Within a commitment transaction, both parties mutually pledge to honor the most recently concurred-upon account balance. This safeguards against the necessity for trust between payment partners for the successful conclusion of a transaction, as reliance is placed on the robustness of the Lightning Network. Through the endorsement of the commitment transaction, payment channel partners affirm their commitment to the existing account balance. This, in turn, facilitates the seamless disbursement of funds when required, obviating the need for the parties to seek reapproval from one another.
- Hash time-locked Contracts
Hash time-locked contracts (HTLCs) represent a fundamental technical element within the Lightning Network. Their significance is notably pronounced in the context of facilitating routing.
How Does Bitcoins Lightning Network Work?
Bitcoin Lightning Network is built on distributed information technology, allowing parties within a network to interact with each other quickly and securely. The system works by creating fast payment channels between two parties, where transactions can be made quickly and securely without needing to be confirmed on Bitcoin’s blockchain. When two parties want to make a transaction, they open a payment channel and make quick transactions on it. These transactions do not need to be confirmed on Bitcoin’s blockchain, so they can be performed faster and at lower costs than direct transactions on the blockchain. Once transactions have been made on the payment channel, both parties can close the channel and transfer the transactions to the Bitcoin blockchain for storage. This will help increase security and ensure the integrity of transactions.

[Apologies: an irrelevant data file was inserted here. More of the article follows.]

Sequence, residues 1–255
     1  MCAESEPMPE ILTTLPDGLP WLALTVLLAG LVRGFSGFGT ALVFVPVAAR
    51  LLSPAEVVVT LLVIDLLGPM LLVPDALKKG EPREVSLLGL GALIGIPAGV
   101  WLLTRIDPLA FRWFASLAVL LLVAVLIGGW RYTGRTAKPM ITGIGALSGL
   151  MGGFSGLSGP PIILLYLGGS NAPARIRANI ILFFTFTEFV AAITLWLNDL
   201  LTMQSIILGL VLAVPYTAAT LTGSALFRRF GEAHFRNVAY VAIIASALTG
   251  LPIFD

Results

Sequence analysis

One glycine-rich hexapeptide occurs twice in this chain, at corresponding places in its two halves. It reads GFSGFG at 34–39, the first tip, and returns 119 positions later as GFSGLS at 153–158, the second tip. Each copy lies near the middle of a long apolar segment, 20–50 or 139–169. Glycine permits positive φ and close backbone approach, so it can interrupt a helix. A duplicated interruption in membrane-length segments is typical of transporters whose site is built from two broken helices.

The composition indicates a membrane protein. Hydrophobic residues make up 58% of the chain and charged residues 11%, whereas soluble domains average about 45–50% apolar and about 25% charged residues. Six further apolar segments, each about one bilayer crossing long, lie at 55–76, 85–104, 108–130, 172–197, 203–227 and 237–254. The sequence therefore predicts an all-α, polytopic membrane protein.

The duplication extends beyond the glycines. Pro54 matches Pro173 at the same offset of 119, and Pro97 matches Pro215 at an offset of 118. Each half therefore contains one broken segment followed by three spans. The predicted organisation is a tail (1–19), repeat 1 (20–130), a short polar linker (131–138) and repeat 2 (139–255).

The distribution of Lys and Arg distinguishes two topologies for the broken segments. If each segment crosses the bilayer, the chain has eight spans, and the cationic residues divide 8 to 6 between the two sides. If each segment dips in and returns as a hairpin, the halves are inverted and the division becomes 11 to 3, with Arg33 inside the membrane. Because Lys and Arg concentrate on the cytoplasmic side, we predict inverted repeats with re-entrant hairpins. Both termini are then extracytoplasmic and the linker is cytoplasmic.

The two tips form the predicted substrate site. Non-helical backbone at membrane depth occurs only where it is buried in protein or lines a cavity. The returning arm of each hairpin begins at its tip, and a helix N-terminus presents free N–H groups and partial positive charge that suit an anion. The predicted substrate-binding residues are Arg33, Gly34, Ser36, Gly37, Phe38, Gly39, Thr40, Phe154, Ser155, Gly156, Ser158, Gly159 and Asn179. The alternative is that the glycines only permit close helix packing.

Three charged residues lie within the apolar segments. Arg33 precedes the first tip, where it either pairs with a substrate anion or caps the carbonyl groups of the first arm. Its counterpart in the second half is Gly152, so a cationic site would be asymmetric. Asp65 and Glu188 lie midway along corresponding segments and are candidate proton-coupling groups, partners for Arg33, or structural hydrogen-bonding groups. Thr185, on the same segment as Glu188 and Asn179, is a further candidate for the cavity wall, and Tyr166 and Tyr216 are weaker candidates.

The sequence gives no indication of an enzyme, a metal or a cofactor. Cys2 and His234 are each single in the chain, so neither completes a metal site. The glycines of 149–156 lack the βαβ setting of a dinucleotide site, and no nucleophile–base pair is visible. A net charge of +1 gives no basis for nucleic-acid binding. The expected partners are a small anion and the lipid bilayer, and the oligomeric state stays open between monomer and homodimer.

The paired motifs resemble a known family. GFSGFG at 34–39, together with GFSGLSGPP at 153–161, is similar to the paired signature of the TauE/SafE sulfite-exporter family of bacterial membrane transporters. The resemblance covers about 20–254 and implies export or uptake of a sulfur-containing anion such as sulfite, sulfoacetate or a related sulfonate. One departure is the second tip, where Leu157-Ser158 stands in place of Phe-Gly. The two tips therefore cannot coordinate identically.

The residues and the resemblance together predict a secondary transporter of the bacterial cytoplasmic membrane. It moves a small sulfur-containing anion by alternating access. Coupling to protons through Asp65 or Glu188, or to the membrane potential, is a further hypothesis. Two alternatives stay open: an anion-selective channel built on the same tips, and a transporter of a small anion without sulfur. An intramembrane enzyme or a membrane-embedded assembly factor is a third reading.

Why Is the Lightning Network Necessary?
We all know about Bitcoin’s scalability, and arguments for using Bitcoin to process larger numbers of transactions have been presented since the inception of the network. These debates have led to numerous Bitcoin forks and periods of debate over transactions involving modifications to the underlying Bitcoin protocol to accommodate large numbers of transactions.
Currently, the Lightning Network is one of the leading solutions presented for scaling Bitcoin, and importantly one that does not require changes to the underlying protocol. If the Lightning Network is successful, it will fundamentally change the Bitcoin scaling debate and increase the potential use cases for Bitcoin.
Pros and Cons of the Lightning Network Bitcoin
Pros of the Lightning Network Bitcoin